August 4, 2008
NanoViricides, Inc. Signs Rabies Agreement With CDC for Expanded Research
NanoViricides, Inc. (OTC BB: NNVC.OB), (the "Company") said that it has signed a Materials Cooperative Research and Development Agreement (MCRADA) with the United States Centers for Disease Control and Prevention (CDC) in Atlanta, Georgia for rabies treatment study. The study, to be performed in collaboration with the CDC Rabies Program, is scheduled to begin soon.
"This study will expand on two successful animal studies of RabiCide(TM)-I performed previously by the government of Vietnam," said Eugene Seymour, MD, MPH, CEO of the Company, adding that "In those prior studies we achieved a 25% to 30% survival rate in animals that had already developed rabies. We believe this strong survival rate is a historical first achievement for any post-infection rabies treatment."
"Collaborating with CDC in designing and conducting these studies is an important step forward," said Anil R. Diwan, PhD, President of the Company, adding, "If the current studies are successful, we anticipate that this will be instrumental in helping our anti-rabies nanoviricide towards drug approval and widespread use across the world."
The Company has previously reported that Yale Research Professor Thomas Lentz, a leading expert in antiviral therapeutics based on virus-cell binding, has joined the Scientific Advisory Board. Prof. Lentz studied the binding of rabies virus to various cell receptors and has performed pioneering research in this field. The Company believes that it has put together a strong team to tackle rabies.
About the Centers for Disease Control and Prevention (CDC):
The Centers for Disease Control and Prevention is an organization that protects people's health and safety by preventing and controlling diseases and injuries; enhances health decisions by providing creditable information on critical health issues; and promotes healthy living through strong partnerships with local, national, and international organizations. As a federal agency, CDC does not promote or endorse specific products or entities. For more information please visit www.cdc.gov.
Rabies is a uniformly fatal disease (i.e. 100% death rate upon infection), and cannot be cured after infection occurs, except in very rare cases. Rabies is transmitted to humans upon getting bitten by mammals such as bats and canines (dogs, raccoons, foxes, etc.). The World Health Organization estimates that more than 55,000 people die each year from rabies, mostly in Asia, Africa and Latin America. An estimated 10 million people receive prophylactic treatment against rabies due to exposure to potentially rabid animals. Rabies is a viral zoonotic (infectious disease transmitted by animals to humans) neuroinvasive disease that causes acute encephalitis (inflammation of the brain) in mammals. There are only six known survivors of clinical rabies. For more information please visit www.cdc.gov/rabies.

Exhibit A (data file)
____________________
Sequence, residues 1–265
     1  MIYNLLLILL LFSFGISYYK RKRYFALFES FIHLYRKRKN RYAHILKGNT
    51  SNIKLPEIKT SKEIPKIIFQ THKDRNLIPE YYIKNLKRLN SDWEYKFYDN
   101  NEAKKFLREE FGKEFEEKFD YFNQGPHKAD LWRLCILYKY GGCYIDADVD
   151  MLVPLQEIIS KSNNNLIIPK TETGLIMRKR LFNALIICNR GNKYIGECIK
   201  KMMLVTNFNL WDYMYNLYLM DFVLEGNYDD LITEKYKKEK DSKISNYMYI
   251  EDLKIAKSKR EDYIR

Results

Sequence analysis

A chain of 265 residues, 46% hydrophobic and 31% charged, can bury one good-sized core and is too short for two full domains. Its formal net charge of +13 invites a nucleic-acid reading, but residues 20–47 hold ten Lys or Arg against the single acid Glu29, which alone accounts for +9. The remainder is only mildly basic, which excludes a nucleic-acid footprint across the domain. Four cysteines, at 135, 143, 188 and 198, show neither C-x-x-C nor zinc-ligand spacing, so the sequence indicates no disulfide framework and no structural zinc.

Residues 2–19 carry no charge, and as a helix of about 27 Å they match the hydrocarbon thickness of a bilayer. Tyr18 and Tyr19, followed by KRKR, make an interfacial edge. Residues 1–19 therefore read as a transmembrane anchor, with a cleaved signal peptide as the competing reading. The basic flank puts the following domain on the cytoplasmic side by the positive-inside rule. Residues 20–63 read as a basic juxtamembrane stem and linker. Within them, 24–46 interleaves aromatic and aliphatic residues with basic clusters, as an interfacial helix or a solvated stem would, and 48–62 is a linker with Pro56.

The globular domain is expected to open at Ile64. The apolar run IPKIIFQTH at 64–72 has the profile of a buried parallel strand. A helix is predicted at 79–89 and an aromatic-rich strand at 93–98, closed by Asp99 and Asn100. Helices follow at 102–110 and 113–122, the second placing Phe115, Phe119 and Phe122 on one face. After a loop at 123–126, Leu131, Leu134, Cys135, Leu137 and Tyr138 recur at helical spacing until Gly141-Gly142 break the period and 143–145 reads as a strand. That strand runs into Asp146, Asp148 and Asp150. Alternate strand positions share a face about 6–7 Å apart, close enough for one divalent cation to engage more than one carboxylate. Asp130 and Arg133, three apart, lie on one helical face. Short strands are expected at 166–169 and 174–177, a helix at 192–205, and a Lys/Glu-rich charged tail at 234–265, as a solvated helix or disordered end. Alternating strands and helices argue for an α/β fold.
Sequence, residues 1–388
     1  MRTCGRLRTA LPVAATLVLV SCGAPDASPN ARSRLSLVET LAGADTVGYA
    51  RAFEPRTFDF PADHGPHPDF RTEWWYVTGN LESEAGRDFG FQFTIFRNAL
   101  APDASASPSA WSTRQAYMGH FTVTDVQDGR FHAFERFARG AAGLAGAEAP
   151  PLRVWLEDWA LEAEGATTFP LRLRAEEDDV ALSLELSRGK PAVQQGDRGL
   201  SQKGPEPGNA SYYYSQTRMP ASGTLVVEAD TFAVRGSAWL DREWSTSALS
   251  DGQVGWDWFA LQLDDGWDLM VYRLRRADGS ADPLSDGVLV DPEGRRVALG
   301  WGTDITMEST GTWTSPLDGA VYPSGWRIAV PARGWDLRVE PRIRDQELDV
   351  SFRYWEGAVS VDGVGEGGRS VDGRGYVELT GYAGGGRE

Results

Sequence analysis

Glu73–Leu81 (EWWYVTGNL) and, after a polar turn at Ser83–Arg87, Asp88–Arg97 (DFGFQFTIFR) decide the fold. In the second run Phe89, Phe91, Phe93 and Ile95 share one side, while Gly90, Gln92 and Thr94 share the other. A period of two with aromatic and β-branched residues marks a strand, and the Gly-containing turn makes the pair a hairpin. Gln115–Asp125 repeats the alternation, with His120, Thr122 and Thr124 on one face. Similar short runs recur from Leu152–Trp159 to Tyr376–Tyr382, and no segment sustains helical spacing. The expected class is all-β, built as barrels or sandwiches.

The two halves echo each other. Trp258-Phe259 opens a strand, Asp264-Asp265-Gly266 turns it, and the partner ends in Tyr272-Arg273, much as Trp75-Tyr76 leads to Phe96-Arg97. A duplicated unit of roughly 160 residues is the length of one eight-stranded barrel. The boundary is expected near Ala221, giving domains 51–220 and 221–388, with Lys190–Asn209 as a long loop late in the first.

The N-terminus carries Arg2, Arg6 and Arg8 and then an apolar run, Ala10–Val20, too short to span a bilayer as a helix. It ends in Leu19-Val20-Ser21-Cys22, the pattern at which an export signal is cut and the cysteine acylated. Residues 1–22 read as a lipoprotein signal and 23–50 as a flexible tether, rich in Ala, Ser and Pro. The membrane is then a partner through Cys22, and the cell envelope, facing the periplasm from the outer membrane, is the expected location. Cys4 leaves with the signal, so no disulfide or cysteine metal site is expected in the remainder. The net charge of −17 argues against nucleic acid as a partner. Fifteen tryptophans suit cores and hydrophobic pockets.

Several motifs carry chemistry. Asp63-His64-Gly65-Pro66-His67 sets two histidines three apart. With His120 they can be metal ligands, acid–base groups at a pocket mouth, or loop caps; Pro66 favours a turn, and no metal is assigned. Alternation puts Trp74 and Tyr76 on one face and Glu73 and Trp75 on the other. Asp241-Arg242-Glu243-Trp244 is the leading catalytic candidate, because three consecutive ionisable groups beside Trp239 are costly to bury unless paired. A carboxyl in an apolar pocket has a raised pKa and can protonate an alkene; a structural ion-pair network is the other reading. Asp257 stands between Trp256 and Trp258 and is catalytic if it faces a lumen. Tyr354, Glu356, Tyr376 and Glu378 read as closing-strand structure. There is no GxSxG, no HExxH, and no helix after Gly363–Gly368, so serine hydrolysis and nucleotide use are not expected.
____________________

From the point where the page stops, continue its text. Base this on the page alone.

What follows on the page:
Rabies prophylaxis and treatment market worldwide is estimated to be well in excess of $300 million.
NanoViricides, Inc. (www.nanoviricides.com) is a development stage company that is creating special purpose nanomaterials for viral therapy. The Company's novel nanoviricide(TM) class of drug candidates are designed to specifically attack enveloped virus particles and to dismantle them. The Company is developing drugs against a number of viral diseases including H5N1 bird flu, seasonal influenza, HIV, EKC (epidemic kerato-conjunctivitis or severe pink eye disease), hepatitis C, rabies, dengue fever, and Ebola virus, among others.
This press release contains forward-looking statements that reflect the Company's current expectation regarding future events. Forward-looking statements involve risks and uncertainties. Actual events could differ materially and substantially from those projected herein and depend on a number of factors. Certain statements in this release, and other written or oral statements made by NanoViricides, Inc. are "forward-looking statements" within the meaning of Section 27A of the Securities Act of 1933 and Section 21E of the Securities Exchange Act of 1934. These forward looking statements are subject to known and unknown risks, uncertainties and other factors that may cause actual results, performance, or achievements of the company to be different from those expressed or implied including the success of the Company's research and development efforts, the availability of adequate financing, the successful and timely completion of clinical studies and the uncertainties related to the regulatory process, described in the "Management's Discussion and Analysis" section of the Company's Form 10-KSB and other reports and filings with the Securities and Exchange Commission.